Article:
The council did not dispute that the proposal complied with three of the criteria of a local plan policy exceptionally permitting the conversion of disused and redundant rural buildings, but argued that a fourth requirement for a positive impact on the immediate setting of the building and protection of wider rural character had not been met.
In the inspector’s assessment, the thoughtfully designed subterranean building would preserve landscape character, but to comply with policy a positive enhancement of the immediate setting also had to be achieved. Weighing the proposed improvements to the roof of the modified reservoir tank, involving replacement of gravel with wild flowers and replacement of a chain link fence with hedge, the inspector found, at best, a neutral effect on the immediate setting of the building because of the inclusion of rooflights and cut-out courtyards. He concluded overall, that the regular manmade form of the site, projecting into the rural landscape, would still be apparent and this was not sufficient to comply with policy.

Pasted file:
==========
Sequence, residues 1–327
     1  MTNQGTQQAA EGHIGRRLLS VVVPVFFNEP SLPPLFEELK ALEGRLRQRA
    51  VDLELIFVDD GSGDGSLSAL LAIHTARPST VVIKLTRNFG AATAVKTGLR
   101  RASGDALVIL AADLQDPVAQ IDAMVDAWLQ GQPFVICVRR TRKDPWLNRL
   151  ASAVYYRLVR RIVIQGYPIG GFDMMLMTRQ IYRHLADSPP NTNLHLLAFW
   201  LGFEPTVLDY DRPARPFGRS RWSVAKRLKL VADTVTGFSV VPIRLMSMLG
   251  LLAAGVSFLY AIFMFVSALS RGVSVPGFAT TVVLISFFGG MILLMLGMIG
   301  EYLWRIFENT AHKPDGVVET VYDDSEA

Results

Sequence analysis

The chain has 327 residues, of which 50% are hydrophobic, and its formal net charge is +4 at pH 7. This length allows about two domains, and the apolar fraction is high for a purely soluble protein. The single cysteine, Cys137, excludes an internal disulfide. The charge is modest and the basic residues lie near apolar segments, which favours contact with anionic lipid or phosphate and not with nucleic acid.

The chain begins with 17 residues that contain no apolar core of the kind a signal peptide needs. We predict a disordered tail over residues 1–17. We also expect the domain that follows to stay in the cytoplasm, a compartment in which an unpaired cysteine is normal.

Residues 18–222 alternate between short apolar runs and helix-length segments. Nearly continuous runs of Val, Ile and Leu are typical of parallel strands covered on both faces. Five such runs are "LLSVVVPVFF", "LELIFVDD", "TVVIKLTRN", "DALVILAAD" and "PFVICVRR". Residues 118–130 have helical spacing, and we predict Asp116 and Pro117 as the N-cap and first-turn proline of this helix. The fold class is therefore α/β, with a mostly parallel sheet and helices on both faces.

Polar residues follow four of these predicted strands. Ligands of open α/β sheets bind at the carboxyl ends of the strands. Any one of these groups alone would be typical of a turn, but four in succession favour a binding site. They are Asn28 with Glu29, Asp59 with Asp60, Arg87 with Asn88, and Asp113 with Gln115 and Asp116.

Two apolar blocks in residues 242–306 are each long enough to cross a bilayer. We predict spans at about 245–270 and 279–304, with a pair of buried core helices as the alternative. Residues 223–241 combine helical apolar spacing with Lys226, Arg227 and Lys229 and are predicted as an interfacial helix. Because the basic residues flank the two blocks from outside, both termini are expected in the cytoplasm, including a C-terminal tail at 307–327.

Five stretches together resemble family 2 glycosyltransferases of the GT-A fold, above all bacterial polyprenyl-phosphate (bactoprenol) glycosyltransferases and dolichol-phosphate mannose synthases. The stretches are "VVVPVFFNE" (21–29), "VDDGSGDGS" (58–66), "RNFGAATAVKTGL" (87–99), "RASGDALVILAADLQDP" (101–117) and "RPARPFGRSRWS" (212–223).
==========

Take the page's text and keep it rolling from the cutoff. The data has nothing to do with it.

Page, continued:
In dismissing the appeal, the inspector acknowledged that the NPPF encourages the re-use of previously developed land, but given the minimal influence of the reservoir on the character and appearance of the area, he attributed this only limited weight.
Inspector: Matthew Bale; Written representations